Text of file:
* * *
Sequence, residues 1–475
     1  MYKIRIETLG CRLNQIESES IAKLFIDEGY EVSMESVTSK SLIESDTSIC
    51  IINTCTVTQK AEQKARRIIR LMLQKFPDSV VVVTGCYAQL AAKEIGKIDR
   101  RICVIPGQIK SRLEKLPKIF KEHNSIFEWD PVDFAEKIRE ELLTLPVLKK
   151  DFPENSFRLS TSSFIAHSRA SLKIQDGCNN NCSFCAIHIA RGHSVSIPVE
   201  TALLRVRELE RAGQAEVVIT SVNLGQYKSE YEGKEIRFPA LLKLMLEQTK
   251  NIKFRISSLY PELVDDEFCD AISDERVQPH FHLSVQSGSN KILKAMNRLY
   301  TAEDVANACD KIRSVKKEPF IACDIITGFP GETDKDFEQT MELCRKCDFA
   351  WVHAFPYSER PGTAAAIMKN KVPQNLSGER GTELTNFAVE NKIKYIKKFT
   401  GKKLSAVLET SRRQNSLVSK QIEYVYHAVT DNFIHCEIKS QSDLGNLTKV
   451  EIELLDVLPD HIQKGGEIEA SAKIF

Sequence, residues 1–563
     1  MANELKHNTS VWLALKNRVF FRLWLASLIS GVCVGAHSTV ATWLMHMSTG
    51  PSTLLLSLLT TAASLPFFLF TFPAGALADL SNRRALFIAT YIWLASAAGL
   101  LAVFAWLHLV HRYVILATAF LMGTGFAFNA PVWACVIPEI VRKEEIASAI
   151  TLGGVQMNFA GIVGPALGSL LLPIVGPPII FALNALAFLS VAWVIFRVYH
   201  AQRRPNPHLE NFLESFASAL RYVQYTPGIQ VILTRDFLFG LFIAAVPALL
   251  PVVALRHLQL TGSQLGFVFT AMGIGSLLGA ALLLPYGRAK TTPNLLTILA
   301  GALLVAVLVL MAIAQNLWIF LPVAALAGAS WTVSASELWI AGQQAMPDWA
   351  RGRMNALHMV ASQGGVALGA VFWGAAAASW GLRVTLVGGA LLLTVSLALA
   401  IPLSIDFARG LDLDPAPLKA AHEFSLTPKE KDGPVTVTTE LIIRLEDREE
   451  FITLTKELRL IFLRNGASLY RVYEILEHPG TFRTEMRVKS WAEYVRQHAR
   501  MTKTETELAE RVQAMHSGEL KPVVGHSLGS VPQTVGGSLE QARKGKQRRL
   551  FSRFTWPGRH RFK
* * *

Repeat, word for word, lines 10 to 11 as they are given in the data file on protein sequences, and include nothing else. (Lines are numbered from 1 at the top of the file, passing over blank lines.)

   401  GKKLSAVLET SRRQNSLVSK QIEYVYHAVT DNFIHCEIKS QSDLGNLTKV
   451  EIELLDVLPD HIQKGGEIEA SAKIF